One of the most important changes that has happened [in the United Kingdom] for people from different cultural and class backgrounds going into the arts, is the economics of education. There was a sense in the 1980s that art school was a place to become free. How did I escape the idea that I might become a factory worker? It wasn't some great, enlightened, pedagogical discourse. It was quite simple really: an art teacher suggesting I go to art school.
JDWhat did going to art school in the 1980s mean for you, coming from a working-class, British-Caribbean background?
MSComing from the kind of background I came from, it was always going to be problematic for my family to get their head around what going to art school meant, but overall, as long as they weren't feeling it financially, it was okay. I left home at 17 or 18, and in my opinion, people moved away from home at a much younger age in the late 1970s and early 1980s than they do now. Back in the eighties, there was a sense that you could be mobile and fluid—that you were autonomous and responsible for yourself. Going to university meant that the familial umbilical cord was cut, and very few people went back home after this.
Africa is everywhere, and what we need to do is recognise its influence and its complexities across the globe, from China and the U.S.A., to the Caribbean and Europe, along with the multiplicities of Africanness across the continent itself.
For my generation, leaving home and moving towards some form of independence was what people aspired to do, regardless of whether they went down the university or apprenticeship work route. Many of my peers also joined the armed forces as another path to becoming independent. I was the first of my family to go to university, so these were new terrains, although there wasn't a sense that my education was a risk to them in any way, even though they didn't really understand the choice I had made.
Within every society, there have always been cultural elites who have been groomed to go to university through grammar and private schools. For kids coming out of secondary modern and comprehensive schools, there was never a sense that this path was open. So that decision was, in retrospect, a kind of class-based, black-space radical intervention into art school. I arrived at Goldsmiths College in 1982 as the only black student at that time.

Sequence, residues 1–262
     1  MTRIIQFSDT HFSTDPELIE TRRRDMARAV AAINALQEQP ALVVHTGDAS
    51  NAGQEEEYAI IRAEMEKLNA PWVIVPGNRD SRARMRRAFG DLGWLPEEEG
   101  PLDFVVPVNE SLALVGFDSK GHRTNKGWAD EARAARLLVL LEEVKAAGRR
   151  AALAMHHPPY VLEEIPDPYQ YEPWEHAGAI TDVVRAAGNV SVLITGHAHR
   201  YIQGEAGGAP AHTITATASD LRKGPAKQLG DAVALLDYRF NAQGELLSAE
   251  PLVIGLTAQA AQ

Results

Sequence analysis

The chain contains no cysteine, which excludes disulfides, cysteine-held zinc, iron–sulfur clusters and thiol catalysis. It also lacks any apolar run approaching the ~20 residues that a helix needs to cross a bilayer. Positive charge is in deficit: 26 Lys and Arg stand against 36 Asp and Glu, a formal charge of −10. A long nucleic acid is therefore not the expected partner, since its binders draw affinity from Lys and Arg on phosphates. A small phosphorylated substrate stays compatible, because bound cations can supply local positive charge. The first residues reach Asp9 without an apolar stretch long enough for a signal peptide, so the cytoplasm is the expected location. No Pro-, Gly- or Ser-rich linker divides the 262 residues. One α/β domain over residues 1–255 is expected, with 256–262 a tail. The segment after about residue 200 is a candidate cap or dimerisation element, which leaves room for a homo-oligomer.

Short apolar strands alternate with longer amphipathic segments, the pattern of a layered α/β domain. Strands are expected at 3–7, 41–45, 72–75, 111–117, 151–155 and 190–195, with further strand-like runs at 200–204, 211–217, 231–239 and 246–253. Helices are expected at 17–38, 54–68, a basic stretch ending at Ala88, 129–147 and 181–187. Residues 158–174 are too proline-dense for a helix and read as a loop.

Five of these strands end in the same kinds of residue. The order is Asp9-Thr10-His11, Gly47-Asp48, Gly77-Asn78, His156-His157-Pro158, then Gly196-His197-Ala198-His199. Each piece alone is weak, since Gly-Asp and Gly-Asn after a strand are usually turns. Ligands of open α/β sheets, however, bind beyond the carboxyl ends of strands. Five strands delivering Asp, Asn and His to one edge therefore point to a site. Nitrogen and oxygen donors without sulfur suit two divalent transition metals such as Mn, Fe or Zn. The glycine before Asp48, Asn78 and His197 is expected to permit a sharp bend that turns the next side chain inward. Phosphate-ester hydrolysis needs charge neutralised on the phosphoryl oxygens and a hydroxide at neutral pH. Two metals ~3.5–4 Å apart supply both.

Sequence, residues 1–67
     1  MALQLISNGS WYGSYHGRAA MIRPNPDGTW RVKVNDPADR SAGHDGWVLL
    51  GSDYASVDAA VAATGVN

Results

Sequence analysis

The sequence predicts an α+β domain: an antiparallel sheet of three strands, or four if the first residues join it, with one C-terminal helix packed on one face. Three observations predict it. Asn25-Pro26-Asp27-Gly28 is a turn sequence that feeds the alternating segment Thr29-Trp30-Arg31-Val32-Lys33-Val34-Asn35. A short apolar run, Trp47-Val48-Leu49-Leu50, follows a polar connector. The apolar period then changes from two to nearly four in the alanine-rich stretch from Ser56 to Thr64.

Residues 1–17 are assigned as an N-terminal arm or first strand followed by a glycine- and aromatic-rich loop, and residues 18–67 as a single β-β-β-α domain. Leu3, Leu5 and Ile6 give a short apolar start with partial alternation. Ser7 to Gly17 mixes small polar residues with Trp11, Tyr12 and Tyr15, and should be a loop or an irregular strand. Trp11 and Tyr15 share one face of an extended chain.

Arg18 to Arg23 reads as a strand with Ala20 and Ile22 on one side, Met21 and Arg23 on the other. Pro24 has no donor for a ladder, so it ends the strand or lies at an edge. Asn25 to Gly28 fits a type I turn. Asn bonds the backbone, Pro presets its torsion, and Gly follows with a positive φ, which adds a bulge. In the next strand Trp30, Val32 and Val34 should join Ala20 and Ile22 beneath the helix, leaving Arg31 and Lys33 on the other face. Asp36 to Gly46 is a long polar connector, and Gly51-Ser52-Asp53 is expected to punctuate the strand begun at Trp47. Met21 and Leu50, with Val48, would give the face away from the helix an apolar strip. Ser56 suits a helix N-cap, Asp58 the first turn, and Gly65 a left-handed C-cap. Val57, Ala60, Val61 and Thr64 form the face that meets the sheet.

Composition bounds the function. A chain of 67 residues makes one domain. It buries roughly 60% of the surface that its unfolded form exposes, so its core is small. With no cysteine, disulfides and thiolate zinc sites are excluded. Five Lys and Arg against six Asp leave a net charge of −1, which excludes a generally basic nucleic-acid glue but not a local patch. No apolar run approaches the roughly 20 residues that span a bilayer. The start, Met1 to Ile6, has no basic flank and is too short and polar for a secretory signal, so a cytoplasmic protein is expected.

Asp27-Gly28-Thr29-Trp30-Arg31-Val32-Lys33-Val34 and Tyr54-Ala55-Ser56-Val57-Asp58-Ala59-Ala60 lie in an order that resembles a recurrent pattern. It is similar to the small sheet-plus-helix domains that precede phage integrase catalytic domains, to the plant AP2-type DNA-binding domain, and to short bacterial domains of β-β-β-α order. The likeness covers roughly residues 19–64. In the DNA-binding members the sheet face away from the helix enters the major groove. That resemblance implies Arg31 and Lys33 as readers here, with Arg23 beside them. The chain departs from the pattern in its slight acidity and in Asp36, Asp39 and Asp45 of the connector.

JDYour curatorial approach generally centres on race and creating alternative narratives. How has that approach shifted over the decades?
MSThrough the lens of going to Goldsmiths in the 1980s, I became very aware of the whole question of representational politics. Looking back at the politics, this was a highly contested time for black subjects in Britain. The riots had happened in Brixton and other major cities, and there was a sense that the black subject was very unwelcome. For me, this became more intensified by being in south-east London and becoming aware of the frontline politics of that space. This influenced what I was reading, thinking, and who I networked with. London had many more opportunities for discussion around race and politics than Newcastle. There was a sense of grasping opportunities to be active.
Additionally, there were opportunities offered by bodies like the Greater London Council, which fostered important interventions through its ethnic minority arts policies. Even though London was at its height of Thatcherist politics, it still had left-leaning local authorities, such as Lambeth Council. People were still trying to invest in the creative policies that were available and visible in London at that time, and it was about tapping into that energy, when things felt possible.
JDFrom the 1980s to now, where do you think we are at with dealing with race and alternative narratives in curating?
MSIt is an interesting one to consider, as I think some things have progressed in those spaces and some things haven't. Things go around in circles, but it still feels like we've been having these same conversations 30 years on. We are still talking about the lack of inclusion, diversity, and opportunity for people from different cultural and racial backgrounds and gendered backgrounds. It feels as though we've been having these conversations for a very long time; however the world, as we all know, is different. It would be crazy right now to exhibit contemporary artists without including contemporary African artists or not thinking about the audience and gender balance. I am not saying that these conversations didn't exist previously, but they are louder now. Anyone working in photography knows about LagosPhoto Festival or knows about what's going on in India, for example, because we can get a hold of knowledge systems a lot easier. There's a new dynamic global energy at work.